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They were already in the vestibule when confronted by Aysies. They had entered by the open outer door of the vestibule. But apart from this we think that in supplying the means of seeking access to the tenants by way of the bells which could be rung in the vestibule, an implied license was granted to the defendants and all others engaged in lawful pursuits to make use of them for the purpose of seeking an interview with the tenants. The purpose of the defendants was to spread the teachings of their religious faith. To go from house to house for that purpose was a lawful pursuit, and one in the exercise of which the defendants could not be restrained except in so far as those having the legal control of the premises, that is, the right to grant or deny them admission, should see fit to deny admission. See Largent v. Texas, 318 U.S. 418. Without intimating that the rule would be otherwise in the case of "peddlers or agents or canvassers" pursuing their business lawfully, we think that the defendants, who were engaged in seeking to spread their religion, could not be found properly to come within the category of "peddlers or agents or canvassers." It has been held in many cases that ordinances regulating the conduct of such persons cannot be extended to cover the activities of ministers who go about on the streets or from house to house preaching or distributing or selling literature relating to their faith. Lovell v. Griffin, 303 U.S. 444. Cantwell v. Connecticut, 310 U.S. 296. Largent v. Texas, 318 U.S. 418. Jamison v. Texas, 318 U.S. 413. Thomas v. Atlanta, 59 Ga. App. 520. Cincinnati v. Mosier, 61 Ohio App. 81. State v. Stark, 196 La. 307, 310, 311. State v. Meredith, 197 S. C. 351. The statute with which we are concerned in the present case cannot properly be construed to restrict the defendants from going from house to house in pursuit of their religious calling. It does not purport to do so. Its only purpose is to protect the rights of those in lawful control of property to forbid entrance by those whom they are unwilling to receive, and to exclude them if, having entered, those in control see fit to command them to leave. Properly applied the statute does not violate the Fourteenth Amendment to the Constitution of the United States.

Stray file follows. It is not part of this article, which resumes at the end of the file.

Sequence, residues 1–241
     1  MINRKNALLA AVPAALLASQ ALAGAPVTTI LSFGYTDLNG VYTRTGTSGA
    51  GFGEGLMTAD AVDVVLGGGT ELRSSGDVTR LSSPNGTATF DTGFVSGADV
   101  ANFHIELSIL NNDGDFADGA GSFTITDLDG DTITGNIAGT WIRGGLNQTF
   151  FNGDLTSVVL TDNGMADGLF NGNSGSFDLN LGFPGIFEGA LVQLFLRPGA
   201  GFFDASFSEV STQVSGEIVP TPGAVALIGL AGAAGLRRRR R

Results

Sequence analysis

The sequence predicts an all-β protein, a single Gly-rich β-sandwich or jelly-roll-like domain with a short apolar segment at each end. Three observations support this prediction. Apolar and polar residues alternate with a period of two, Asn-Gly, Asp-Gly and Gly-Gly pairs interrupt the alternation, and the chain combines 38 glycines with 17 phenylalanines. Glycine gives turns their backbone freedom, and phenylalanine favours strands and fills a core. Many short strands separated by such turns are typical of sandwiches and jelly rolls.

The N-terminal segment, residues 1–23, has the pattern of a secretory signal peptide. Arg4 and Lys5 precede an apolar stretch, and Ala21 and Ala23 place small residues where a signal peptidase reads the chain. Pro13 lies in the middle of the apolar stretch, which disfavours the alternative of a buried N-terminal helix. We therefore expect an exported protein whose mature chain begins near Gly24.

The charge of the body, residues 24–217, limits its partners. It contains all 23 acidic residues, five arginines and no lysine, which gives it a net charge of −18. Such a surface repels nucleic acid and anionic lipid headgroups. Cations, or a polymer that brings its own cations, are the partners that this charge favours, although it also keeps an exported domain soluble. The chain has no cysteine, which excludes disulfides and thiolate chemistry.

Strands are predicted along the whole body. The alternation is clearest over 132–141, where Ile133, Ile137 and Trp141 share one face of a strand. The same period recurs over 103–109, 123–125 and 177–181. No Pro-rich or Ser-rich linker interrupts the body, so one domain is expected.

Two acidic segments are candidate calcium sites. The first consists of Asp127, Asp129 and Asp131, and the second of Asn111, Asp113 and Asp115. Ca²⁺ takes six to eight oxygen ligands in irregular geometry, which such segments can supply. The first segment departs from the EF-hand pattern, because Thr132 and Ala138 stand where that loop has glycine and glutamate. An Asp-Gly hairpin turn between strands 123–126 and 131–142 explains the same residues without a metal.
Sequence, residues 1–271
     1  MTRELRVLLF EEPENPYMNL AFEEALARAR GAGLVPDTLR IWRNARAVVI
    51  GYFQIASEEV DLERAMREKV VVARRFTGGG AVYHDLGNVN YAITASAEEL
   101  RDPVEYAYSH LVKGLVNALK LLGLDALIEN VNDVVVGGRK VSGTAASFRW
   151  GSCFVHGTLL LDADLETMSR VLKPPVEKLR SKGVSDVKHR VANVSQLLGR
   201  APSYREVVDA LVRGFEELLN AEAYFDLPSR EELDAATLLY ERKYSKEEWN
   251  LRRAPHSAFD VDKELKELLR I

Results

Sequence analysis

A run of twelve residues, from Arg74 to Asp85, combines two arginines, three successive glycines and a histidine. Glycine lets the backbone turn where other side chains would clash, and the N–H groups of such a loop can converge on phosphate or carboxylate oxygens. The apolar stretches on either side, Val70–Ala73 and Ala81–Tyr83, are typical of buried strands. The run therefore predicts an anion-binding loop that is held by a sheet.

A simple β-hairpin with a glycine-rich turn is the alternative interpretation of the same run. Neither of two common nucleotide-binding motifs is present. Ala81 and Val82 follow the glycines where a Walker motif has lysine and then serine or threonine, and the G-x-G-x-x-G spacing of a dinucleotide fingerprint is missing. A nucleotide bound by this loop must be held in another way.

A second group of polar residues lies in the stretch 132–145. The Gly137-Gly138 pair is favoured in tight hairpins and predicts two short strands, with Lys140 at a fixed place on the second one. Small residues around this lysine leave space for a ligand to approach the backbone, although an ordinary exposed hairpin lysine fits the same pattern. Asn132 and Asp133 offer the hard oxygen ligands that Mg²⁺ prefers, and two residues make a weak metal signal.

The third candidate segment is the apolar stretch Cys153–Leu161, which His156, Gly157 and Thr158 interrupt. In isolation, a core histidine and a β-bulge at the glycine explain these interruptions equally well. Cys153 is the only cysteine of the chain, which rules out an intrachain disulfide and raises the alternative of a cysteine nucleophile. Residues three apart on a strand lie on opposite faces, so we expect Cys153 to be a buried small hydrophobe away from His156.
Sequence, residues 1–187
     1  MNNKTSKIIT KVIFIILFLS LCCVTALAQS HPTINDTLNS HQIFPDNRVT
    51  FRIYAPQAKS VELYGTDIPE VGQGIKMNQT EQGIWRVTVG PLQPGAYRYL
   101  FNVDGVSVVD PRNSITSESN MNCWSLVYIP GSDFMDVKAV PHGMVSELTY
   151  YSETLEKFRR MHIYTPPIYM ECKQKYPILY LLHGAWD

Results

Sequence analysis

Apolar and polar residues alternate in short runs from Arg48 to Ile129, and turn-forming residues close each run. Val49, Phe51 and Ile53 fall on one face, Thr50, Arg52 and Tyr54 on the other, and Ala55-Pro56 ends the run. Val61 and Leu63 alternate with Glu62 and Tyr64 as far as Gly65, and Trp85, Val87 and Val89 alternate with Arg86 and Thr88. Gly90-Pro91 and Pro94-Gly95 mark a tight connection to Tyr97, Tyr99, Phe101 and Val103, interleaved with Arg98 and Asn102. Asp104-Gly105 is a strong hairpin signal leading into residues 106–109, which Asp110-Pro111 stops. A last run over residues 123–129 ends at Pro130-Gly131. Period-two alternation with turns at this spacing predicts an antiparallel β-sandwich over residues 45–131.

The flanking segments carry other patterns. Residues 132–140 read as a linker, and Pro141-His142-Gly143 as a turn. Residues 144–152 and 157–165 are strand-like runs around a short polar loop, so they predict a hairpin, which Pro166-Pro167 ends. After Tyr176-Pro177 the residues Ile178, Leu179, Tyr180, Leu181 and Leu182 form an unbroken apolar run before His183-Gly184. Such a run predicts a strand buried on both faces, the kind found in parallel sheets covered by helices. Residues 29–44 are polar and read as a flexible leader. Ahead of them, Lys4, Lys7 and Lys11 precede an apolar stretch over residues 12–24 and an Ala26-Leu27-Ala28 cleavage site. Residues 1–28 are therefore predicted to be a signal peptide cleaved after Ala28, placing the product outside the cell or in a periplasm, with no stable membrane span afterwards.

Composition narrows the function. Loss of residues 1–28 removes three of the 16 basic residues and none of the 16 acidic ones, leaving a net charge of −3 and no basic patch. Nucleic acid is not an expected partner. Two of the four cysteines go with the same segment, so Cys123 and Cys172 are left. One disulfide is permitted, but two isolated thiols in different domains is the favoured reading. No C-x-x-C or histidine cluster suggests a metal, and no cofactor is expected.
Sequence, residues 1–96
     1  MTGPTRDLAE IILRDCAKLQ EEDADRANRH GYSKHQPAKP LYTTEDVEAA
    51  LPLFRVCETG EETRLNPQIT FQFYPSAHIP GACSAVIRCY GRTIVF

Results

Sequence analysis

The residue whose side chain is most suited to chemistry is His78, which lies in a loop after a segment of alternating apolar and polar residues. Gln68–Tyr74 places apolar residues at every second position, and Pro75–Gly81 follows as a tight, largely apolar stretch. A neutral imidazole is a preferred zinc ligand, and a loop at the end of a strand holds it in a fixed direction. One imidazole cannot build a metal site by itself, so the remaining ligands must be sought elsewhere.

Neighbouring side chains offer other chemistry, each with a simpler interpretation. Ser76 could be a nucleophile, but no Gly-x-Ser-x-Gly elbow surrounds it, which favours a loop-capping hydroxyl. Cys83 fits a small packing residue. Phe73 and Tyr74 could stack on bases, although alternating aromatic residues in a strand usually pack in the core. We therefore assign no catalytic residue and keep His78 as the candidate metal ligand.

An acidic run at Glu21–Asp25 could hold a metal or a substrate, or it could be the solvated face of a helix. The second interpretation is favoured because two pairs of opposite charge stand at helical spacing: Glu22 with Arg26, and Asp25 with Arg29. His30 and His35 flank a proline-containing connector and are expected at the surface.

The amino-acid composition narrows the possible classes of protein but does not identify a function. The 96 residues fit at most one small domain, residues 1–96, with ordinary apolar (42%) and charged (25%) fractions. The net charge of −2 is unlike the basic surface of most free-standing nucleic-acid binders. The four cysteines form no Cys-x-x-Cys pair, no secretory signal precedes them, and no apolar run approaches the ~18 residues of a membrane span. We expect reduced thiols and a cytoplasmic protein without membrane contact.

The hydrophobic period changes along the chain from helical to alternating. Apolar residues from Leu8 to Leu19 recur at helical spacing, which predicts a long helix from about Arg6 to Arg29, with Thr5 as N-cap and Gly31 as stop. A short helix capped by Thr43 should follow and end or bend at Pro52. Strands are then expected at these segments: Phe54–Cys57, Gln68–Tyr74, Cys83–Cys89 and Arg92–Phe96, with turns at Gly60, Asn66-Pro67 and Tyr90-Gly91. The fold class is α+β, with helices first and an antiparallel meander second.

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Whether the defendants entered the common passageways of the building in question in violation of the statute depends upon the extent of the control of the landlord thereof, and that of the respective tenants. It is settled that, when a landlord lets property to be occupied by several tenants, although he retains for certain purposes control of the common doorways, passageways, stairways and the like, he grants to his tenants a right of way in the nature of an easement, appurtenant to the premises let, through those places that afford access thereto. Hart v. Cole, 156 Mass. 475 , 476. Tremont Theatre Amusement Co. v. Bruno, 225 Mass. 461 , 463. Melville Shoe Corp. v. Kozminsky, 268 Mass. 172 , 180. This is necessarily so since "the grant of any thing carries an implication, that the grantee shall have all that is necessary to the enjoyment of the grant, so far as the grantor has power to give it." Salisbury v. Andrews, 19 Pick. 250 , 255. It is also settled that this easement extends to the members of the tenant's family and to all his guests and invitees. Bacon v. Jaques, 312 Mass. 371 , 373, and cases cited.